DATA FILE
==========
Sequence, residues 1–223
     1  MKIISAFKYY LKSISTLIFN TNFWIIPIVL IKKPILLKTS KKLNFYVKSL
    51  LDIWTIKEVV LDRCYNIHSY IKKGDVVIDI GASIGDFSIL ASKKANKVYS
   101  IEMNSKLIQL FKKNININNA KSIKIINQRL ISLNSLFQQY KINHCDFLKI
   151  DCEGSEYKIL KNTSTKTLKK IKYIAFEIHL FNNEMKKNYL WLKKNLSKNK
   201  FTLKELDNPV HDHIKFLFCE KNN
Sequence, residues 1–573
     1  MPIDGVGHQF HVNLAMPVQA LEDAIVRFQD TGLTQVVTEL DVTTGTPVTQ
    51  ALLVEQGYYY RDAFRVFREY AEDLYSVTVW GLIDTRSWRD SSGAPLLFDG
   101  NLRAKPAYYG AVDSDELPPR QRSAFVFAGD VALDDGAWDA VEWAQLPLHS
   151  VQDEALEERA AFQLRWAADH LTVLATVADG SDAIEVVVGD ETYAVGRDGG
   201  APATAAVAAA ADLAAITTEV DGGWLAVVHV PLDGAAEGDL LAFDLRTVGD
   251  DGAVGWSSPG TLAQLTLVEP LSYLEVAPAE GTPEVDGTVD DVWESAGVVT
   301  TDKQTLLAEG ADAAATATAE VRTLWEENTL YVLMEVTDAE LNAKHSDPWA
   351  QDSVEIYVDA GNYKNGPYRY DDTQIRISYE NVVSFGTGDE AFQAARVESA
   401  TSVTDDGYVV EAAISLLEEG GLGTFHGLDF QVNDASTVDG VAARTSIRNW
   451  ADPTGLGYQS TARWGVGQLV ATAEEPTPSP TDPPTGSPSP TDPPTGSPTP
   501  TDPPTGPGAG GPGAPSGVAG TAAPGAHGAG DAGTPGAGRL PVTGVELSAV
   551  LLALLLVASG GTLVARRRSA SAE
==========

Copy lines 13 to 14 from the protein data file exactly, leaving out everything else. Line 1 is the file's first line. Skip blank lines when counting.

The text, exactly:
   251  DGAVGWSSPG TLAQLTLVEP LSYLEVAPAE GTPEVDGTVD DVWESAGVVT
   301  TDKQTLLAEG ADAAATATAE VRTLWEENTL YVLMEVTDAE LNAKHSDPWA